Surprise! Green energy doesn’t lower electricity bills. But that hasn’t stopped the Liberal government from jumping into it with both feet.
There is no respect for the taxpayer in Ontario… every dollar earned there is seen by the ruling elite as more fuel for her vote-buying schemes. They want to spend their way to prosperity, as if spending money in the right way will cause economic growth. Well, here’s the truth: the government can never cause the people who start businesses and create value to produce more by taking more from them. The more the government takes from job creators, the more job creators scale back their productivity.
We should learn from the failure of socialism in other countries so that we don’t repeat their mistakes here.
A new report from George Mason University’s Mercatus Center ranks all 50 states based on 14 measures designed to determine whether states can pay their short-term bills and meet their long-term obligations — debt, pension liabilities and such. The data go through 2013.
The best-run states have enough cash to pay its current bills, enough revenue coming in to meet its fiscal year needs, a cushion for economic shocks, and management long-term liabilities.
The worst states, in contrast, have “tens, if not hundreds, of billions of dollars in unfunded liabilities — constituting a significant risk to taxpayers in both the short and the long term.”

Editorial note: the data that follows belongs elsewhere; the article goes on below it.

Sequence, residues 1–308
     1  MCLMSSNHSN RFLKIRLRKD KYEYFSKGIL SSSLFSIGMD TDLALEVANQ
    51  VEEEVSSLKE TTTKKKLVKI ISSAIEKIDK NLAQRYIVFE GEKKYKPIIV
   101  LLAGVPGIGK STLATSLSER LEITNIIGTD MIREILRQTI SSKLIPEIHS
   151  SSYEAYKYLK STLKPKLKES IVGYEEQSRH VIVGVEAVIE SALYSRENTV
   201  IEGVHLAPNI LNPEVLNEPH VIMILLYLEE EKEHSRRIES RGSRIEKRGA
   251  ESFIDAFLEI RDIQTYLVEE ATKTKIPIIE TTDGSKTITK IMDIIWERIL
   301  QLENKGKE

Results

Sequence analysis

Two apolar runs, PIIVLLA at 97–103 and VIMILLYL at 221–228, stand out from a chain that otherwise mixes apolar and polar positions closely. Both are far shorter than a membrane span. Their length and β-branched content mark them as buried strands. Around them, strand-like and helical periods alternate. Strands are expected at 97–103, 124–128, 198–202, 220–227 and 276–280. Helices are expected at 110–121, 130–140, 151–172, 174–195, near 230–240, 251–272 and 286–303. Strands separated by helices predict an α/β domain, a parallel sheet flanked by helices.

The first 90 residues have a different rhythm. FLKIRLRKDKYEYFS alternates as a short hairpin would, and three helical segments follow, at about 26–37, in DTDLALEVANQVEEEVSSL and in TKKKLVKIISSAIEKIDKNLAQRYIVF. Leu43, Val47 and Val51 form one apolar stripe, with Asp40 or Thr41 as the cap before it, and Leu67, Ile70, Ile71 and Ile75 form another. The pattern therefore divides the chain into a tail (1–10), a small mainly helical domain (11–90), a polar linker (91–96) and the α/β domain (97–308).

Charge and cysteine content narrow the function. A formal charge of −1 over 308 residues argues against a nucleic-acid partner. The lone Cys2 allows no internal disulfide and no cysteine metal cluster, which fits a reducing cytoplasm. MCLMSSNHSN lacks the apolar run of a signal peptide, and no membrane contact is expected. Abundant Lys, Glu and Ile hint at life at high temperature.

[…]There’s only one factor these fiscal winners and losers share in common. And that’s their political leanings. Of the top 10 states in the Mercatus ranking, just two — Florida and Ohio — voted for the Democratic presidential candidate in the past four elections, and just one — Montana — has a Democratic governor. Even if you look at the 25 best-performing states, only three could be considered reliably liberal.
At the other end of the list, just two of the 10 lowest-ranked states — Kentucky and West Virginia — have voted for the Republican in the past four presidential elections. And while four of them have Republican governors, they all are in solid blue states and all were elected to clean up messes left by their Democratic predecessors.
It’s also worth noting that these same states consistently show up at the top and bottom of other lists that measure business friendliness, tax burden and economic freedom.